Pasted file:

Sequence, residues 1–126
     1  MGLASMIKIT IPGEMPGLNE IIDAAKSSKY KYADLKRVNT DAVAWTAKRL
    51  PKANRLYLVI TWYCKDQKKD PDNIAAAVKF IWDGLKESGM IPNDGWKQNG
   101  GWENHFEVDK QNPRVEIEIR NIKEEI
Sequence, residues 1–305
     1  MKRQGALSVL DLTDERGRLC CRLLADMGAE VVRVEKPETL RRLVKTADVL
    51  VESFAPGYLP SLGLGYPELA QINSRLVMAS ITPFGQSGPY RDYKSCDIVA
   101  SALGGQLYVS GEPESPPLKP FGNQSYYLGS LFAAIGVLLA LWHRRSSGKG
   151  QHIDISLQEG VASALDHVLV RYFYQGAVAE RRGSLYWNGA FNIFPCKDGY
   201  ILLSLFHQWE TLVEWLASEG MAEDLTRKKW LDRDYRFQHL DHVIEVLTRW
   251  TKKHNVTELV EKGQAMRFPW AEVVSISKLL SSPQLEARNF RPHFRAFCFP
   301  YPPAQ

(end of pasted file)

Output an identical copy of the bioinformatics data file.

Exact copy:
Sequence, residues 1–126
     1  MGLASMIKIT IPGEMPGLNE IIDAAKSSKY KYADLKRVNT DAVAWTAKRL
    51  PKANRLYLVI TWYCKDQKKD PDNIAAAVKF IWDGLKESGM IPNDGWKQNG
   101  GWENHFEVDK QNPRVEIEIR NIKEEI
Sequence, residues 1–305
     1  MKRQGALSVL DLTDERGRLC CRLLADMGAE VVRVEKPETL RRLVKTADVL
    51  VESFAPGYLP SLGLGYPELA QINSRLVMAS ITPFGQSGPY RDYKSCDIVA
   101  SALGGQLYVS GEPESPPLKP FGNQSYYLGS LFAAIGVLLA LWHRRSSGKG
   151  QHIDISLQEG VASALDHVLV RYFYQGAVAE RRGSLYWNGA FNIFPCKDGY
   201  ILLSLFHQWE TLVEWLASEG MAEDLTRKKW LDRDYRFQHL DHVIEVLTRW
   251  TKKHNVTELV EKGQAMRFPW AEVVSISKLL SSPQLEARNF RPHFRAFCFP
   301  YPPAQ